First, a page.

“Djang0 Prepare a Coffin” (1968, Arrow Video) Though relatively unknown in the United States until its release on DVD, Sergio Corbucci’s doom-laden Euro Western “Django” (1966) was a global hit during its release, spawning tributes on film (it’s the movie Jimmy Cliff is watching in “The Harder They Come”) and in music (Lee Perry’s “Return of Django” and dozens more reggae tracks from Trojan Records). In typical Italian genre fashion, it also spawned dozens of imitations on screen, some featuring characters based on character played by Franco Nero, some renamed to cash in on the success. Ferdinando (“Get Mean“) Baldi’s “Django Prepare a Coffin” is only one of two with any connection to the Nero/Corbucci film, though here, it’s Terence Hill – a dead ringer for Nero who went on to stardom in cinematographer Enzo Barboni‘s lighter-hearted “Trinity” series – as Django, who recruits a team of condemned men to avenge the murder of his wife by a political boss (Horst Frank) and his thugs. Co-written by Baldi and Franco Rossetti – who penned the Corbucci “Django” – “Prepare a Coffin” serves as both prequel and tribute to its predecessor, borrowing its high points – including the Gatling-gun-in-the-coffin conclusion – and Barboni, who echoes own his color-steeped compositions, while also providing a thumbnail background for the character’s single-minded trail of vengeance. The end result doesn’t match the intense violence (and political undertones) of the original “Django,” but certainly delivers its own stylish shoot-out excitement. Arrow’s Blu-ray includes an informative overview of the “Django” films by author Kevin Grant and a European trailer.
“Adios, Sabata” (1970, Kino Lorber) Lee Van Cleef originated the role of Sabata, a sardonic sharpshooter with a taste for puns and Bondian gadget weapons, in Gianfranco Parolini‘s Euro Western “Sabata” (1969), but Yul Brynner stepped into the role for this agreeable sequel. Brynner’s Sabata – whose outlandish all-black outfit refers to the character’s origin as a different gunfighter, Indio Black, before the international success of “Sabata” prompted a name change for United Artists’ American release – has a less bemused air than Van Cleef’s Sabata, but still displays a taste for eccentric sidekicks (Sal Borghese’s Septiembre, who tosses lethal metal balls with his feet) and outlandish weapons (a sawed-off rifle with a side-loading magazine), both of which are put to good use in a scheme to extricate gold stolen from Mexican revolutionaries by sadistic Austrian Colonel Skimmel (Gerhard Herter). Despite Brynner’s imposing turn, Parolini – billed as Frank Kramer in the UA version – indulges in moments of the same self-referential humor and playful tone that earmarks the previous and subsequent “Sabata” films (1971’s uneven “Return of Sabata,” with Van Cleef again in the title role), which may displease hardcore Italian Western devotees, though casual viewers might appreciate the hints of levity. Also starring Dean Reed, an American folk singer who embraced leftist/Soviet policies in the late ’60s and lived in East Germany before dying under mysterious circumstances in 1986. Kino’s Blu-ray is the UA English-dubbed print and includes trailers for all three Parolini/Sabata films.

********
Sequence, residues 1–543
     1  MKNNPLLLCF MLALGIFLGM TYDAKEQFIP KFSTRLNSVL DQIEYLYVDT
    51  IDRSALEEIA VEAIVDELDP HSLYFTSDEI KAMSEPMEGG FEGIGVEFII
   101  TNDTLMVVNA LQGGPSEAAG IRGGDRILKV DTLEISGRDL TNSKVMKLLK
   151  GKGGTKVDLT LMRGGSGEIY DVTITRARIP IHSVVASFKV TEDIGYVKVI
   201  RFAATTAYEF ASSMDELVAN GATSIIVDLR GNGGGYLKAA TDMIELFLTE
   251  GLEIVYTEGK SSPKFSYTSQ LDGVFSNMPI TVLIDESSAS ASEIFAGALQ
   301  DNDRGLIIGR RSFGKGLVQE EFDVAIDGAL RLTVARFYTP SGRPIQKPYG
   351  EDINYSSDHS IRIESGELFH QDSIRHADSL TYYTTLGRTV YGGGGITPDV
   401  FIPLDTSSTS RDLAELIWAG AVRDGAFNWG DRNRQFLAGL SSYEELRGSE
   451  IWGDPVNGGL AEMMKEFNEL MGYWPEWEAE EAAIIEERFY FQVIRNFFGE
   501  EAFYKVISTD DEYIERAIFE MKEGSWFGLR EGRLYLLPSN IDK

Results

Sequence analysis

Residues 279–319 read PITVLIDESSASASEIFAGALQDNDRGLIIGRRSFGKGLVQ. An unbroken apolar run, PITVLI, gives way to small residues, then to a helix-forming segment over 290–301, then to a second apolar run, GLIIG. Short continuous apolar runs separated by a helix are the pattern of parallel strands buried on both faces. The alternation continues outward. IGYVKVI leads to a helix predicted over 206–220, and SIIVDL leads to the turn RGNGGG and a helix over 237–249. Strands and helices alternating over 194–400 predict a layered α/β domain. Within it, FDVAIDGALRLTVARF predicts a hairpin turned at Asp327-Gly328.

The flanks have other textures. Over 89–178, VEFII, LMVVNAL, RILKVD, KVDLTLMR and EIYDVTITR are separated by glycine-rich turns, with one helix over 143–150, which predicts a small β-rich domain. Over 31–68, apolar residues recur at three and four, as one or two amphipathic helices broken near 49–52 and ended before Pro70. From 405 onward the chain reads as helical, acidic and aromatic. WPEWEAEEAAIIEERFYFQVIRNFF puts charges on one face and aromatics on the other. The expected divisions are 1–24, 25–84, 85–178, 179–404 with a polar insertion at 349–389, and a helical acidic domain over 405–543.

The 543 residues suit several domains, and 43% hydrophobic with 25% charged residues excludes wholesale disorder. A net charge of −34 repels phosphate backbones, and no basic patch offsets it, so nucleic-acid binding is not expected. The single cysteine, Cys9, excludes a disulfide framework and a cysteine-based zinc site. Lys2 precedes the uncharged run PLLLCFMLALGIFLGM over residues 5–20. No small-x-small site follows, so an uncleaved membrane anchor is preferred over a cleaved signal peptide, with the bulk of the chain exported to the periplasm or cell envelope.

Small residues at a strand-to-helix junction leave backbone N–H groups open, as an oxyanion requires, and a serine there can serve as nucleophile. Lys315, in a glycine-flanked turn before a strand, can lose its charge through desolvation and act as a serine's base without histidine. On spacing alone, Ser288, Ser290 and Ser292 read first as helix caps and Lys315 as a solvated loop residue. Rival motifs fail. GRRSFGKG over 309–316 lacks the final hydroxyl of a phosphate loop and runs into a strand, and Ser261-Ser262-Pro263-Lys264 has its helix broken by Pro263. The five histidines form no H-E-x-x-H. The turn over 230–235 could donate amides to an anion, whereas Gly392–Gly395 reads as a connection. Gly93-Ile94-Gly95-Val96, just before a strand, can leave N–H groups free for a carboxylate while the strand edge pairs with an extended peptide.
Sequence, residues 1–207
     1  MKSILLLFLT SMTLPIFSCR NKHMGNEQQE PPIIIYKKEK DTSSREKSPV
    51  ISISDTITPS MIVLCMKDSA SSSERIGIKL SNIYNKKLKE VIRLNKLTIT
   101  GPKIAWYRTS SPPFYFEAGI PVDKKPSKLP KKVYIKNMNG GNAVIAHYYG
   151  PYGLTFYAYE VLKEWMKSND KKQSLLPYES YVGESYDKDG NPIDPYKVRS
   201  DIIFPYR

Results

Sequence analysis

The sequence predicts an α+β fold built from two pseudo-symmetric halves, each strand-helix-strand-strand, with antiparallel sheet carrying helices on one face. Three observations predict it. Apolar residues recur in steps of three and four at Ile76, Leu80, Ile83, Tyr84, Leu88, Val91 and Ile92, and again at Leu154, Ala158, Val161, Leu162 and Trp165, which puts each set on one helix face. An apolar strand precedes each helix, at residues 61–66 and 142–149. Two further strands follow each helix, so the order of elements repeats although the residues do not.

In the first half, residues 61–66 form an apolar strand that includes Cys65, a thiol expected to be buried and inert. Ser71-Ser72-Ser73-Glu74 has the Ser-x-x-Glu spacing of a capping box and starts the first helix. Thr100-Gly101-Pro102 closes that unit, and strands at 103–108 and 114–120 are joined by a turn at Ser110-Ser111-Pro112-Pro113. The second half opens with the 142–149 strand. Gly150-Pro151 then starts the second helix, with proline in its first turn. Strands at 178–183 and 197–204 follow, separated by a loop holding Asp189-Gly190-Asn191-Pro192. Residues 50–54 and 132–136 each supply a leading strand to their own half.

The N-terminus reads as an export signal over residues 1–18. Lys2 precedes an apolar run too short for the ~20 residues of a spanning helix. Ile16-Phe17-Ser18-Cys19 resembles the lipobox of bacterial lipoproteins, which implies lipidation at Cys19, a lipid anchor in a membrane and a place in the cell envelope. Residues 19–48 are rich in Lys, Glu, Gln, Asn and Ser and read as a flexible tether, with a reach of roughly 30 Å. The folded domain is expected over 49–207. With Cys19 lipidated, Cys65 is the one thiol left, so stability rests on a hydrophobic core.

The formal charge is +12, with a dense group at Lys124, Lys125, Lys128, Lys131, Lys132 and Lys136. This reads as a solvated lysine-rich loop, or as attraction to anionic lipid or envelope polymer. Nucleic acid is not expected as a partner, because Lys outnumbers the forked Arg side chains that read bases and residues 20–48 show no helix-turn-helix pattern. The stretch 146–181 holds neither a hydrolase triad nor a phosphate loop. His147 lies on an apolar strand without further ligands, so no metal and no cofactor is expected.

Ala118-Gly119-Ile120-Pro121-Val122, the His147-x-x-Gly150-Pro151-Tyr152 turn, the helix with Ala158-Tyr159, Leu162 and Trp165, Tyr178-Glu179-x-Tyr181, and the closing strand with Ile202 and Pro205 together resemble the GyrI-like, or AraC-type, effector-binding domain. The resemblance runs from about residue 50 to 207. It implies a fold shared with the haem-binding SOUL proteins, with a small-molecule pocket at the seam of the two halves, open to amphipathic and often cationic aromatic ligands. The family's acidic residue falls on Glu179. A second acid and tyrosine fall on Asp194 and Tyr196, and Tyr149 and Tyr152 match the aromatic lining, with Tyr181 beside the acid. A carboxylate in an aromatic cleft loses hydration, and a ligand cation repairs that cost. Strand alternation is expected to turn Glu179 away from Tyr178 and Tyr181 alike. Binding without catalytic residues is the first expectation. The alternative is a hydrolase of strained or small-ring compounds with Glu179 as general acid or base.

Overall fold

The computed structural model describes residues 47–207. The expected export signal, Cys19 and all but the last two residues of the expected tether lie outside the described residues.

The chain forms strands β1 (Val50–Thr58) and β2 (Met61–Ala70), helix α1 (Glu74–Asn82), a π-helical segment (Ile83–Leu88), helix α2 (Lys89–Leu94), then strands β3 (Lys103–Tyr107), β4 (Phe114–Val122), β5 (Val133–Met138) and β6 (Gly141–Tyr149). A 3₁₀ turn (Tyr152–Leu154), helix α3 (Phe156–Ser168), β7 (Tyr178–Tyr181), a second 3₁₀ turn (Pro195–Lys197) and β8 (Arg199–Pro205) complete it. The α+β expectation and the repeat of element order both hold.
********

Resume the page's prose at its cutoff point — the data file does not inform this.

The popularity of Italian Westerns like “Django” and “Adios, Sabata” was briefly echoed in English-language titles, though most of these emphasized the violence and less of the baroque plotting or stylistic flourishes. Two such titles are available from Kino – 1968’s “Shalako,” a British-Spanish-German production, and 1971’s “The Hunting Party,” from the UK. Both titles are mostly sour affairs that go to great lengths in showing how wealthy, privileged types from both sides of the Atlantic are no better – or worse – than the lower-class and non-white populations of the West. Both are also star-studded affairs – “Shalako,” directed by Edward Dmytryk and based on a novel by Louis L’Amour, features Sean Connery (between Bond titles), Brigitte Bardot and Stephen Boyd, while Don Medford’s “Hunting Party” pits ugly American Gene Hackman against unlikely outlaw Oliver Reed, who has made off with his estranged wife (Candice Bergen). Women are on the receiving end of most of the violence – in “Shalako,” Honor Blackman is choked to death with her own diamonds, while Bergen is molested by nearly every character she encounters, including L.Q. Jones in yet another variation on his Cowboy Vermin screen persona – which undercuts whatever vicarious enjoyment can be derived from watching the male characters blast or beat each other. Commentary is available for both discs – Howard Berger and Nathaniel Thompson on “Hunting Party” and “Repo Man” director Alex Cox on “Shalako – as well as theatrical trailers.